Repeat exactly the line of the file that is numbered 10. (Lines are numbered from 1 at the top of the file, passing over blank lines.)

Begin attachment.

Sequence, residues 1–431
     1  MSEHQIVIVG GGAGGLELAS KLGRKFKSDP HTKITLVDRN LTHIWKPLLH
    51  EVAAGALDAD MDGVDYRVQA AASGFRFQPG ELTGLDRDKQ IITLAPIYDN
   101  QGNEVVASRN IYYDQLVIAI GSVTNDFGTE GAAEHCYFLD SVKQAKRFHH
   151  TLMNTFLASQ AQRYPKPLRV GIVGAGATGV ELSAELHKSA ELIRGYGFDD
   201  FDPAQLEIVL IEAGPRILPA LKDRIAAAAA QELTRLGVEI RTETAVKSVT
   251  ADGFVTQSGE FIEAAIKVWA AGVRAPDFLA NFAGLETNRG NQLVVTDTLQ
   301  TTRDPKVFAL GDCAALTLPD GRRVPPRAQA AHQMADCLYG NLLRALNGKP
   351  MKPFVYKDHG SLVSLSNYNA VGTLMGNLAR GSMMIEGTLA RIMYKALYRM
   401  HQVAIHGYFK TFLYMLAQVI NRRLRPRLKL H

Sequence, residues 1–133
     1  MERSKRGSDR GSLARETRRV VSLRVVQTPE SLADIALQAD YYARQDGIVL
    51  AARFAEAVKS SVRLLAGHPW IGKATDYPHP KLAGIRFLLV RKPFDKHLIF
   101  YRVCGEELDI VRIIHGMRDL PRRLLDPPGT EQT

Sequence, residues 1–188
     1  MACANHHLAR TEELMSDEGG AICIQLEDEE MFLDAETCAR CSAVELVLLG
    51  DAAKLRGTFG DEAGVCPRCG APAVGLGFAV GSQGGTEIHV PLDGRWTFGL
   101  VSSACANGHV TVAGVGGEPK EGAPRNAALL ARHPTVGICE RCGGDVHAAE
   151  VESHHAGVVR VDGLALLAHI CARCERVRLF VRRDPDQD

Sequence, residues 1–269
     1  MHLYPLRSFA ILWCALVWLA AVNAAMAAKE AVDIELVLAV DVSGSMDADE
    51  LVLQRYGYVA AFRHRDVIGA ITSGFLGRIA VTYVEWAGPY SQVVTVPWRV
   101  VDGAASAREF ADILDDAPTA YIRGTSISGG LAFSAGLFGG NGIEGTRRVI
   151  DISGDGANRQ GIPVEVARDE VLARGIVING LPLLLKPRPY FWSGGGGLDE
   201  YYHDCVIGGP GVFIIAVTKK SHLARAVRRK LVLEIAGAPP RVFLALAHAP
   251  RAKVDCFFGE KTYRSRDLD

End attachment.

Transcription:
   401  HQVAIHGYFK TFLYMLAQVI NRRLRPRLKL H